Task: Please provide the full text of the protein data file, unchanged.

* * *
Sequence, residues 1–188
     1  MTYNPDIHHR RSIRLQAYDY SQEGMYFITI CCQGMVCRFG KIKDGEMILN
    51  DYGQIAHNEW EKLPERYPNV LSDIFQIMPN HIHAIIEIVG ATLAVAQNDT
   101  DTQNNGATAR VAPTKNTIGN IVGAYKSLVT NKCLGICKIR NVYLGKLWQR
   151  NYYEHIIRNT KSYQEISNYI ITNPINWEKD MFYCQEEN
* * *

Sequence, residues 1–188
     1  MTYNPDIHHR RSIRLQAYDY SQEGMYFITI CCQGMVCRFG KIKDGEMILN
    51  DYGQIAHNEW EKLPERYPNV LSDIFQIMPN HIHAIIEIVG ATLAVAQNDT
   101  DTQNNGATAR VAPTKNTIGN IVGAYKSLVT NKCLGICKIR NVYLGKLWQR
   151  NYYEHIIRNT KSYQEISNYI ITNPINWEKD MFYCQEEN